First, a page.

On Air

Mid Days with Jenna Paton

10:00AM - 3:00PM


Warning issued for Kluane ice cave

The Kluane Ice Cave in April of 2018. Chunks of ice have been falling from the ceiling which has prompted the Geological Survey to issue a warning for hikers. Photo: Panya Lipovsky.

The Yukon Geological Survey says chunks of ice have been falling and the cave is now posing a danger for hikers.

A unique, cave-like tunnel, left behind by a retreating glacier in Yukon has become a popular tourist attraction near Haines Junction, but it's no longer safe to enter and experts say it won't be long before it collapses.

The Kluane ice cave, just a short hike off the Alaska Highway, about 170 kilometres west of Whitehorse, has been attracting visitors for years but the Yukon Geological Survey is now warning adventurers not to walk under the huge, bluish ice arch.

Geologist Jeff Bond says the cave has shown serious instability in recent years and is now a hazard.

Slabs of ice weighing hundreds of kilograms routinely crash from the roof and Bond says that could be an indication of a structural shift caused by subterranean motion.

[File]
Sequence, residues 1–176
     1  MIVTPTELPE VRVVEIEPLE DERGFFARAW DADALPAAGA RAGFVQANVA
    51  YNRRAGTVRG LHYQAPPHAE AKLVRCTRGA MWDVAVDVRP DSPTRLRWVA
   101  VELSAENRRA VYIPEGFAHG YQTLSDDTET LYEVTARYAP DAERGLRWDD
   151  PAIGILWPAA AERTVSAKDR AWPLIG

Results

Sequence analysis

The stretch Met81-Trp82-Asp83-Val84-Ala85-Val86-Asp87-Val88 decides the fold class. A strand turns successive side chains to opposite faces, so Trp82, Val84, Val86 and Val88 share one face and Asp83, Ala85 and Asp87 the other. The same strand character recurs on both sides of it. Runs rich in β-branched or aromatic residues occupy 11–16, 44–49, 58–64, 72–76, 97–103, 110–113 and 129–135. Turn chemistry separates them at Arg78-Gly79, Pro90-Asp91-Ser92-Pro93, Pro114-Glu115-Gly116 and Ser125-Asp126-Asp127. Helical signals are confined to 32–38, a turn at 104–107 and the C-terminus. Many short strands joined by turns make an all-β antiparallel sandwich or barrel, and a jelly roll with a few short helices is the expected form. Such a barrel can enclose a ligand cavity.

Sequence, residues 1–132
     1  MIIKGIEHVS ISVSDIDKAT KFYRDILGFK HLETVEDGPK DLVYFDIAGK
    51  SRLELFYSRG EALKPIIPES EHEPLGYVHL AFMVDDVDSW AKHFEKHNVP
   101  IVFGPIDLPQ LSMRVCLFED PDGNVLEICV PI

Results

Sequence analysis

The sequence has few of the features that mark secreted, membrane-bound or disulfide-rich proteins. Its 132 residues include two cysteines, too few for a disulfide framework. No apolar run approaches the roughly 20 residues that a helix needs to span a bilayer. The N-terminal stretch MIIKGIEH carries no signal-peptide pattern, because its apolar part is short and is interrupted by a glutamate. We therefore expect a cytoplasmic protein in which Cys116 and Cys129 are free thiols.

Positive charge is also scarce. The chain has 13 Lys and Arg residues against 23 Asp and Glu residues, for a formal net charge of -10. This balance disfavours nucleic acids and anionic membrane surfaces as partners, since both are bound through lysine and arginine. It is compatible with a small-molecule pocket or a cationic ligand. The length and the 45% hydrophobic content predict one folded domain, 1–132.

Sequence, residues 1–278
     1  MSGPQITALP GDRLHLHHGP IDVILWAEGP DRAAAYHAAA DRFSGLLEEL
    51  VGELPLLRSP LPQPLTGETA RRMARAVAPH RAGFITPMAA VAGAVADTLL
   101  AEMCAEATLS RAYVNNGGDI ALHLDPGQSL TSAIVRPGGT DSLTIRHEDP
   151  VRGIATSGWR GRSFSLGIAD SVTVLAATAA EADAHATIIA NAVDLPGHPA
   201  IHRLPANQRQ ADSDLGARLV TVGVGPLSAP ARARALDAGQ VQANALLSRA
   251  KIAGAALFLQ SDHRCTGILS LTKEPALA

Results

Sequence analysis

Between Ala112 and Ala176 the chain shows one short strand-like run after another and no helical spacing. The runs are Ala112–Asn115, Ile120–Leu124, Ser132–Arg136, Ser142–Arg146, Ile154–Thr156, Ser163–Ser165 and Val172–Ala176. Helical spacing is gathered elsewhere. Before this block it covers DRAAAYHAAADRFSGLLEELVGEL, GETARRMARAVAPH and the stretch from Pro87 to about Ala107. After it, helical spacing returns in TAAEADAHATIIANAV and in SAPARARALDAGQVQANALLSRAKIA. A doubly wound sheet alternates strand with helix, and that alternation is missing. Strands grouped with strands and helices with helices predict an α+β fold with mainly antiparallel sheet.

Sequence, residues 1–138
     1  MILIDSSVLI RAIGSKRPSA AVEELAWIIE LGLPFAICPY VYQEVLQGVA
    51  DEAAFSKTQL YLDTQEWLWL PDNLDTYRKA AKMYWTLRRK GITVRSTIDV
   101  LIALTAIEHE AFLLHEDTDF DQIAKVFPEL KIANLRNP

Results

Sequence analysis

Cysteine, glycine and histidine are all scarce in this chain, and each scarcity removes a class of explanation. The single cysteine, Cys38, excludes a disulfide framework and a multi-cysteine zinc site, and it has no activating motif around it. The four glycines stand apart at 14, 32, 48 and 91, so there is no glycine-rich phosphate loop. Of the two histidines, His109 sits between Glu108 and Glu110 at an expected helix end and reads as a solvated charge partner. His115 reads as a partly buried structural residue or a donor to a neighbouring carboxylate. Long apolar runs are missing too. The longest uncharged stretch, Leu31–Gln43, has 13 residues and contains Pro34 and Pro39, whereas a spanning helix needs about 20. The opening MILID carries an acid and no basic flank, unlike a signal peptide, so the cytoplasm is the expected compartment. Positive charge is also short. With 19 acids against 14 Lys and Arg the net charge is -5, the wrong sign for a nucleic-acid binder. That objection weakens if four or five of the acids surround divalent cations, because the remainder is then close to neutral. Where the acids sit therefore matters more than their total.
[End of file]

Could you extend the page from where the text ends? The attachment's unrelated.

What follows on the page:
Experts believe the cave was carved by water flowing under what was once a massive glacier but the arch remained as the ice receded toward Mount Archibald and the Kluane ice fields leading to Mount Logan, Canada's highest peak.

Skiers and snowshoers were able to wander the length of the ice cave, especially in winter, but Bond says it will never be safe again.

"It will only become stable, I think, when it collapses and there is no more tunnel left," he says.

"When we visited it last year it was pretty apparent that there was ongoing ice collapsing off the ceiling within the tunnel throughout the winter and the summer."

The curious are urged to visit the impressive site, which spans a creek bed about 13 kilometres outside Haines Junction, but are reminded to stay well clear of the entrance because of the unpredictable conditions. 

(The Canadian Press/CKRW)

(Below: an overview of the ice cave. Photo: Jeff Bond/Yukon Geological Survey)

More from Local News


Listener Club

Receive exclusive content before anybody else!